- Zad Moultaka, exhibition in Helsinki
There are certain artworks that live in symbiosis with the architectural spaces, and ŠamaŠ by Lebanese artist Zad Moultaka is one of these. For the 2nd time after Sursock Museum in Beirut in June 2018, the work is on display at the Levyahalli Hall, following its success in Venice at the 57th International Art Exhibition - La Biennale Arte 2017. The large-scale installation is now on display in the former aircraft factory in Suomenlinna, Finland which was adapted for the exhibition. Although the work is apparently fairly simple in its set-up, it is technically complex and the building structure required careful adaptation for a successful presentation of the artwork.
With his monumental work, Zad Moultaka combines musical invention with visual research in a radical approach where technology stems from the archaic. It is inspired by and draws upon the paradox of the recent history of the Middle East as a zone of conflict set against its ancient history when this part of the world was the cradle of civilisation.
Šamaš centres on a towering, 6-metre tall 1950s Rolls Royce Mk 209 warplane engine, mounted vertically on its end in the space; a wall installation measuring 18 x 7.5 metres made up of black panels has been set up behind it, with an attached mosaic, comprised of 150,000 Lebanese coins and recalling the aerial view of a bombed city. A pre-recorded soundtrack of Moultaka’s composition, Šamaš Itima, a choral work for 32 voices mixed with tonal elements, which he wrote for the installation is played over 68 loudspeakers. The audio, which the chorale of the Antonine University under the direction of Father Toufic Maatouk, presented on the opening night and for two consecutive days, a performance titled ‘ŠamaŠ Itima’ (Dark Sun) and lighting are synchronised electronically and played as an audio-visual loop, with each cycle lasting almost 12 minutes.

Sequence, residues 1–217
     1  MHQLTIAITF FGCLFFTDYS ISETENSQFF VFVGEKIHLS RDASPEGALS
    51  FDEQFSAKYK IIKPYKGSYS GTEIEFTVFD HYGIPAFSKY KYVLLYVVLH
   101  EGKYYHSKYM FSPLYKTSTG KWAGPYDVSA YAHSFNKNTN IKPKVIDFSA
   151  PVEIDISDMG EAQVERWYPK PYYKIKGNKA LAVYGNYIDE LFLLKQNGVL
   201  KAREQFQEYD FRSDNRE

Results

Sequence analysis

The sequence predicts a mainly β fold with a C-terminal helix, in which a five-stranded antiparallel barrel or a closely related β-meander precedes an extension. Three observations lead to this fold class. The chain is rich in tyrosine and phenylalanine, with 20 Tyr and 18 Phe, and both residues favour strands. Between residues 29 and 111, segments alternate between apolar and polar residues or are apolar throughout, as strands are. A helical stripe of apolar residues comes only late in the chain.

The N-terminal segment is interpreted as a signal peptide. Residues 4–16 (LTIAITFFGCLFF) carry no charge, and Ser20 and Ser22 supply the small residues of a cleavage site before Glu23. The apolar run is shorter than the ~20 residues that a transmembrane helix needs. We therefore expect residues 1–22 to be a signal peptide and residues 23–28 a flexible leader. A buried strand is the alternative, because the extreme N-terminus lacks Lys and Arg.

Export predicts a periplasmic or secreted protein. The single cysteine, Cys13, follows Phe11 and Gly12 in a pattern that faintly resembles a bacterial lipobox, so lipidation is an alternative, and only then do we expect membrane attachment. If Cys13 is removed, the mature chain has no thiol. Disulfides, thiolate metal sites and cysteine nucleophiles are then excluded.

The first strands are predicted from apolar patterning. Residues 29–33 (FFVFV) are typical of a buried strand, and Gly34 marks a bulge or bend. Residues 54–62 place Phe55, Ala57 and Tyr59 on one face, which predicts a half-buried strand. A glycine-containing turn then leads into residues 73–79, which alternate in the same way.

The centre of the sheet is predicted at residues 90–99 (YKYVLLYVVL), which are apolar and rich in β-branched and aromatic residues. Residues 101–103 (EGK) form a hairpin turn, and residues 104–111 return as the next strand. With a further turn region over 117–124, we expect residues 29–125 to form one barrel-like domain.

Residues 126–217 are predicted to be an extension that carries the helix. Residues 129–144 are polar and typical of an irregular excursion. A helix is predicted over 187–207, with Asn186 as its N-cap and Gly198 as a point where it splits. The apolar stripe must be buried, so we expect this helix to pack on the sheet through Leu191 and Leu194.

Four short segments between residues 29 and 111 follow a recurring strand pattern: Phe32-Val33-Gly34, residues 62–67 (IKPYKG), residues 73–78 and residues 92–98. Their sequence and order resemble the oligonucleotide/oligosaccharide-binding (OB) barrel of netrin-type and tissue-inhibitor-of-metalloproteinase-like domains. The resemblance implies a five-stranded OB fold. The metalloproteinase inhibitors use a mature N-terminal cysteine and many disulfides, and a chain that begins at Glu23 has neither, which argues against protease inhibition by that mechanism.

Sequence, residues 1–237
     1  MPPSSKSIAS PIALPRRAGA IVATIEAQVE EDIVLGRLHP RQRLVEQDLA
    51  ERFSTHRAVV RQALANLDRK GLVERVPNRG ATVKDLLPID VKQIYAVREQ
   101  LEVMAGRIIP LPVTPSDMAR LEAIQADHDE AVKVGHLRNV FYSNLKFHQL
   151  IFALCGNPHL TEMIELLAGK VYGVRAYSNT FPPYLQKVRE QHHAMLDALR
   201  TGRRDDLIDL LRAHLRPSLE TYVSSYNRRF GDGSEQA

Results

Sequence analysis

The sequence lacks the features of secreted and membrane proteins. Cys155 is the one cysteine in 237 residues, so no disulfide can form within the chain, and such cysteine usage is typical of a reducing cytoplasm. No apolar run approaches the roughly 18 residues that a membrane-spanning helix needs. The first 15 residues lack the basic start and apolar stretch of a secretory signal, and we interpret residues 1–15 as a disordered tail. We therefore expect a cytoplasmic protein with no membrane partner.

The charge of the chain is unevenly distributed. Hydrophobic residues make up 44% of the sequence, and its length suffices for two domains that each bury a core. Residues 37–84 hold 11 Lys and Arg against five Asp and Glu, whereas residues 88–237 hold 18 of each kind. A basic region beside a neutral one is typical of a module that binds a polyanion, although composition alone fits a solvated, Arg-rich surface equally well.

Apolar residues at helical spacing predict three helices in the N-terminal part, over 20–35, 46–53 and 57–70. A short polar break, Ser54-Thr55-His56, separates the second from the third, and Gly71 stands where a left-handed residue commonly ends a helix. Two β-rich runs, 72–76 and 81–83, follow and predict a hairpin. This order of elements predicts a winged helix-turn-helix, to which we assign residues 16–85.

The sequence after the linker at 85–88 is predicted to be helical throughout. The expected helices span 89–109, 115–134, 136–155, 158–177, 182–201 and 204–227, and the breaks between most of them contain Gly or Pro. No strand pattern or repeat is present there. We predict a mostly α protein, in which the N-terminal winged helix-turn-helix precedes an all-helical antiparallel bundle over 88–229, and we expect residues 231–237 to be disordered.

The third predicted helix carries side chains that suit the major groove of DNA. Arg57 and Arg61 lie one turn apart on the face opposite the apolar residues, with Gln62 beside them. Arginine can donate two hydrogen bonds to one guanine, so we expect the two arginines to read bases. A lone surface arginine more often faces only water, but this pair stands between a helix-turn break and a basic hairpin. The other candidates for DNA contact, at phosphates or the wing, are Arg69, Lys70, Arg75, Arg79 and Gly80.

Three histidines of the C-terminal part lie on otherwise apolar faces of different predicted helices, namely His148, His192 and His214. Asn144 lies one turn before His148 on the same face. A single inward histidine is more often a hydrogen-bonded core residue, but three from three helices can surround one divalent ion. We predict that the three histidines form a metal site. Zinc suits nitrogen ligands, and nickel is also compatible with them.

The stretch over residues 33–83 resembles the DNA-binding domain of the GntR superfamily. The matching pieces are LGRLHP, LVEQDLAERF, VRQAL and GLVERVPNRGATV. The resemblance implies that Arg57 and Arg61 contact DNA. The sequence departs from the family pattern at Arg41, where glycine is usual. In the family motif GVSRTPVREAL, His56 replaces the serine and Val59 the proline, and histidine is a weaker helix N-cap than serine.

The Šamaš project stems from the Hammurabi Code, considered to be the first rule of law, engraved on a tall black basalt stele almost 2000 years before the common era. At the top of this majestic totem - the aircraft engine - is a figure representing Šamaš, god of sun. Just as light disperses shadows, Šamaš exposes evil in full light and puts an end to injustice, hence also becoming the god of justice of the ancient Babylonians.
Šamaš by Zad Moultaka, managed and produced by Nadine Saddi Zaccour, General Manager and Producer at Zad Moultaka Studio, sends a message to people that violence has to stop; it specifically references the civil war in Lebanon and the conflicts in the Middle East. This may all seem to have very little connection with the lakes in Finland, but in fact, it resonates with the history of the Scandinavian country and adds new dimensions to the centennial of the Finnish Civil War in 2018. Which is why the Helsinki International Artist Program (HIAP) decided to showcase Šamaš in Suomenlinna, whose prison camps held approximately 8000 persons in the aftermath of that war. You have until 7 October to visit the exhibition, before it heads off to Norway, the UK, and Australia.
Project: Zad Moultaka
Producer: Nadine Saddi Zaccour
Showing from 13 August to 7 October 2018
Images: Ikka Vuorinnen
More information: http://zadmoultaka.com/